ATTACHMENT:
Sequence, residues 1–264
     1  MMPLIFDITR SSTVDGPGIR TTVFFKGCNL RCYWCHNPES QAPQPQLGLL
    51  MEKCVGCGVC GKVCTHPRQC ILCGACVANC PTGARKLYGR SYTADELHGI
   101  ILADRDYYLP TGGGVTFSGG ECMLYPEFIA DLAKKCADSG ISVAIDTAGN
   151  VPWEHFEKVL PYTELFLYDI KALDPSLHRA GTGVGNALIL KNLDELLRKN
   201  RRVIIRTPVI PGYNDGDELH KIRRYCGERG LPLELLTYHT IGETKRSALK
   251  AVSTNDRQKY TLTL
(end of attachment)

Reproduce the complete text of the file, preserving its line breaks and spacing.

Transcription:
Sequence, residues 1–264
     1  MMPLIFDITR SSTVDGPGIR TTVFFKGCNL RCYWCHNPES QAPQPQLGLL
    51  MEKCVGCGVC GKVCTHPRQC ILCGACVANC PTGARKLYGR SYTADELHGI
   101  ILADRDYYLP TGGGVTFSGG ECMLYPEFIA DLAKKCADSG ISVAIDTAGN
   151  VPWEHFEKVL PYTELFLYDI KALDPSLHRA GTGVGNALIL KNLDELLRKN
   201  RRVIIRTPVI PGYNDGDELH KIRRYCGERG LPLELLTYHT IGETKRSALK
   251  AVSTNDRQKY TLTL